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Milwaukee Urban Ecology Blog

Written by Glenna Holstein
Thursday, 12 January 2017
As we usher in 2017, I’ve been thinking a lot about the idea of change. It seems like it’s something all of us want, in some way or another. We may have different ideas about what kind of change, but I get the sense that most folks would agree with the statement that “The way the world is right now is not ok. We need a change.” This desire for change has created a lot of conversations about what within the status quo we need to fight against. For me, it’s a long list: climate change, injustice, disparity, oppression, just to name a few. I am exhausted by just talking about what it takes to fight all these huge societal…
Written by Brandice Kirchner
Friday, 30 December 2016
I am a relatively new Community Programs Educator at Washington Park. We do much more than I ever expected! What do I do? Here are some examples. Roughly a month ago we taught the principle of cause and effect to a group of five year olds from Fernwood Montessori School in Bay View. As they came into the building for their second visit three weeks later, many of them kept saying, “I remember you! We played tug of war and you lost!”
Written by Beth Heller
Wednesday, 28 December 2016
Keeping New Year’s resolutions can be hard. Especially if one of your resolutions is to be active outdoors the middle of a season that usually keeps us indoors. I’ve learned that finding a group of people with similar interests can help get me going. So, if you’re aiming to start your year with more exercise, less stress and more meaningful time with family, we can connect you with others to help you along. Soon the resolution will become a part of your usual routine.
Written by Jennifer Callaghan
Monday, 05 December 2016
Few things illustrate a more beautiful image of winter in Wisconsin than a cervid in the snow. The hooved creatures conjure some type of nostalgia in our minds: a docile doe grazing for food beneath powdery snow, a statuesque bull moose wading through an icy pond, or a heavily antlered elk standing in silhouette as its warm breath escapes in wispy trails. Surely you can’t refute the holiday spirit swirling through your mind when you envision such a scene?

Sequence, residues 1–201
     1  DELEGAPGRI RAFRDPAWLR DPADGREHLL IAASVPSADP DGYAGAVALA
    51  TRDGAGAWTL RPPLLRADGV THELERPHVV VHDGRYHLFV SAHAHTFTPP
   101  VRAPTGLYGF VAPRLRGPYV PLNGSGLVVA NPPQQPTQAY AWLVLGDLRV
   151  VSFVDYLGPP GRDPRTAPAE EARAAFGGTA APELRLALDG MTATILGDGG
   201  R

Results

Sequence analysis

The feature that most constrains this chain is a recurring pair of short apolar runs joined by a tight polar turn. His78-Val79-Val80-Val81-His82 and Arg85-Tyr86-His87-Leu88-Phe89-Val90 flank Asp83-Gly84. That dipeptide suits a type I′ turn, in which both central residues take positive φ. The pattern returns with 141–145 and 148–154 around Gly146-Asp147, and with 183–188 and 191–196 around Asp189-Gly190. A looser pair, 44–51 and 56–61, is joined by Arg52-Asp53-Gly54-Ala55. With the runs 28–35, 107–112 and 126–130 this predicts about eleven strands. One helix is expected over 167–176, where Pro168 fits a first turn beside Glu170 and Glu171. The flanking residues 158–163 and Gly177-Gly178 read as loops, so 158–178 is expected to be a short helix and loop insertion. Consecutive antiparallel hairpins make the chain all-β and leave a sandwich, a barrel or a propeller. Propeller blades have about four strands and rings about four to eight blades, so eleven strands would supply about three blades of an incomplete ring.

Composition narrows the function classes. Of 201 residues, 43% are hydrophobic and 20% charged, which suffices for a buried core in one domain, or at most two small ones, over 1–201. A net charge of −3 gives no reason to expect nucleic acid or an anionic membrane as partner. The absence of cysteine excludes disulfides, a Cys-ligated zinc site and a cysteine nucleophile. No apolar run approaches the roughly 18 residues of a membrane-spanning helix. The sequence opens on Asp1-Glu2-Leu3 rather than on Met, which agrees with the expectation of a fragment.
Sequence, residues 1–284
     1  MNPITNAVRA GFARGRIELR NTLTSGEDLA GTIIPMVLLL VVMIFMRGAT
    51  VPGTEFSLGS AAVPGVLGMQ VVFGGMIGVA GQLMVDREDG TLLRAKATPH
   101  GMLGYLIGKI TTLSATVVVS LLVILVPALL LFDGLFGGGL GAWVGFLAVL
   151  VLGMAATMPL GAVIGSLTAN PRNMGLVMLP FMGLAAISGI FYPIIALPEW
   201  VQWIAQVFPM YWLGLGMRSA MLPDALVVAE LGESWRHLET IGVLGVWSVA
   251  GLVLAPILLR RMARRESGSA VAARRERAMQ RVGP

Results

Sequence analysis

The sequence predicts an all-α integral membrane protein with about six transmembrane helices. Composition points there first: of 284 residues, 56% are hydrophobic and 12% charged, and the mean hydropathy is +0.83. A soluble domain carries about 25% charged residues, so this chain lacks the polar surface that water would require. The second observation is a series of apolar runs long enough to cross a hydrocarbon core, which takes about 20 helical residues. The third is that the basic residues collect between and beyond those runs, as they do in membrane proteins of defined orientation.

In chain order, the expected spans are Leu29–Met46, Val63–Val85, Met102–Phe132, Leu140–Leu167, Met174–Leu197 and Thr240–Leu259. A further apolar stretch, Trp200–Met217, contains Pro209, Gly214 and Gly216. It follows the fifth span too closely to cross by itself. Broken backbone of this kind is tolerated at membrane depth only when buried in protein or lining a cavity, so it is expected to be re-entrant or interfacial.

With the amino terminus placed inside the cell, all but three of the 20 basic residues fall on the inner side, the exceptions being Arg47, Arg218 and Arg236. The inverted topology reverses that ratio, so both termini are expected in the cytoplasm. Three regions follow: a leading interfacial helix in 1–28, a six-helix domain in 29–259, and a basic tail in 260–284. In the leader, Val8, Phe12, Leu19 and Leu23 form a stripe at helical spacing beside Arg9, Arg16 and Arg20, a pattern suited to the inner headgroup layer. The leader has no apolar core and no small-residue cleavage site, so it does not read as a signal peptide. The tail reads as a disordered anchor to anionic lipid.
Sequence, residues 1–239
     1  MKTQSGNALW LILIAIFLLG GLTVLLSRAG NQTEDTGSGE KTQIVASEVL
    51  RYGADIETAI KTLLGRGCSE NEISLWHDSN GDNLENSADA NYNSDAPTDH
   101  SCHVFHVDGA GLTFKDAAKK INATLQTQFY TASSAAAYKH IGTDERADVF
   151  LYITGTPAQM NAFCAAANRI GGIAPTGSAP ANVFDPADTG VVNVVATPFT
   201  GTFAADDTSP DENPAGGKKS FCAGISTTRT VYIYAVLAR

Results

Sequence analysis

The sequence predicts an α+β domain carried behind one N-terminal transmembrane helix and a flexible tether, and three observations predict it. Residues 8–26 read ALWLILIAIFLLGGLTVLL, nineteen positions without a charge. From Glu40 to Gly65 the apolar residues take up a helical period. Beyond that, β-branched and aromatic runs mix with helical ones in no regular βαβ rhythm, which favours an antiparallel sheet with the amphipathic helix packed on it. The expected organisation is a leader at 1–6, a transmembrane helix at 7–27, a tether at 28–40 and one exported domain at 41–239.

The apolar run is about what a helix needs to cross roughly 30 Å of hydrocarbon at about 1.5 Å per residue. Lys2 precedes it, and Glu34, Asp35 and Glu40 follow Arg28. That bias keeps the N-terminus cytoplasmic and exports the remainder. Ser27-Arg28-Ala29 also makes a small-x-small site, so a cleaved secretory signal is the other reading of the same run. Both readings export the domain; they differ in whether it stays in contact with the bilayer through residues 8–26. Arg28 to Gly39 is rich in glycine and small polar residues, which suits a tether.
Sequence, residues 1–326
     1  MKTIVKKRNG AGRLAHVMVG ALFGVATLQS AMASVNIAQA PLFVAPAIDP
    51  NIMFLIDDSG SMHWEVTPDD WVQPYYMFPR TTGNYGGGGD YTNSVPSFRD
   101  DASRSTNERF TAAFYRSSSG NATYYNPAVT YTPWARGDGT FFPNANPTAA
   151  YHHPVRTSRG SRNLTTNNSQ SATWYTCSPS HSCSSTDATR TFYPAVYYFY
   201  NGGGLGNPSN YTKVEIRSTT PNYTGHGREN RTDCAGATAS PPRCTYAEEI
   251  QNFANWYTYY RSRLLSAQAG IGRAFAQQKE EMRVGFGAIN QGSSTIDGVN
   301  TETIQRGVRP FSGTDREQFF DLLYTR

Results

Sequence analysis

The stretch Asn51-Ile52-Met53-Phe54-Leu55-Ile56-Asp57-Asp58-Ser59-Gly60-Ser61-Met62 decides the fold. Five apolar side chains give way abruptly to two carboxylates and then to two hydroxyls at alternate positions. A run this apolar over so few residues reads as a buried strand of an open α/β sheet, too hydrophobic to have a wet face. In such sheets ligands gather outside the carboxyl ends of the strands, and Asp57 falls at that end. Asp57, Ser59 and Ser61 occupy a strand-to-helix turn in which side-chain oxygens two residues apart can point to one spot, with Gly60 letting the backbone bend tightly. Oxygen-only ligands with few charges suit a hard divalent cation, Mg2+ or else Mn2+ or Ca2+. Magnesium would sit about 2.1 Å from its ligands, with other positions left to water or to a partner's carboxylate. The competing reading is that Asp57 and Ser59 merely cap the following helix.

Written by Urban Ecology Center
Friday, 18 November 2016
When I first walked through the doors of the Urban Ecology Center as a new educator for the Neighborhood Environmental Education Project (NEEP), I was struck by how much life surrounds the Center. I’m sure you’ve noticed it too. All of it; the land, the animals, the children and the community that make the Urban Ecology Center such a vibrant hub of activity, is because of you. Thank you!
Written by Ken Leinbach
Thursday, 10 November 2016
Lately I’ve been thinking about how the Urban Ecology Center is like Star Wars. Wait, I know this sounds like a stretch, but stay with me. One of the underlying themes of Star Wars is that when diverse people come together for the greater good they can create world altering change. Tapping into the diversity of natural and community life here in Milwaukee, the Urban Ecology Center is creating “world altering” change, neighborhood by neighborhood. And we get the excitement of working locally now, not “a long time ago” and “far, far away.”
Written by Urban Ecology Center
Sunday, 30 October 2016
While Else Ankel humbly underplayed her influence on the Urban Ecology Center, she is often referred to as the founder. Today we acknowledge her life with gratitude and our hearts go out to her family and friends as we mourn her passing.
Written by Urban Ecology Center
Friday, 28 October 2016
Environmental education is at the core of our mission. The main way we accomplish this during the school year is our Neighborhood Environmental Education Project (NEEP). Through NEEP our partner schools send students to our branches for hands on science and environmental lessons. We’re educating the next generation of environmental leaders. Plus, they have so much fun they don’t realize how much they’re learning!
Written by Jennifer Callaghan
Wednesday, 26 October 2016
Many folk tales, urban legends, and myths have led people to believe just plain inaccurate things about some of our wild creatures. Dragonflies were believed to be the Devil’s helpers by sewing naughty children’s eyes shut while they slept. Bats were believed to get tangled in people’s hair in the dark because of misconceived poor eyesight. And, ravens were thought to be premonitions of death. I’ve heard countless critter myths throughout the years, but one creature in particular continues to surprise me with its maligned status: cue the American Toad.
Written by Beth Heller
Monday, 24 October 2016
Malachi Crenshaw, a 10th grader at Rufus King High School, finished teaching his first solo Water Safety Course when I met him at the Washington Park branch. I asked him if he had been nervous about being the only instructor and he said “I was more curious. I’m pretty comfortable with public speaking and I know the content, so I mostly was interested to see how those would come together.” This is exactly the kind of experience we hope to provide to our High School Outdoor Leaders – hands-on work. The High School Outdoor Leader program is one step in our “green career pipeline.”
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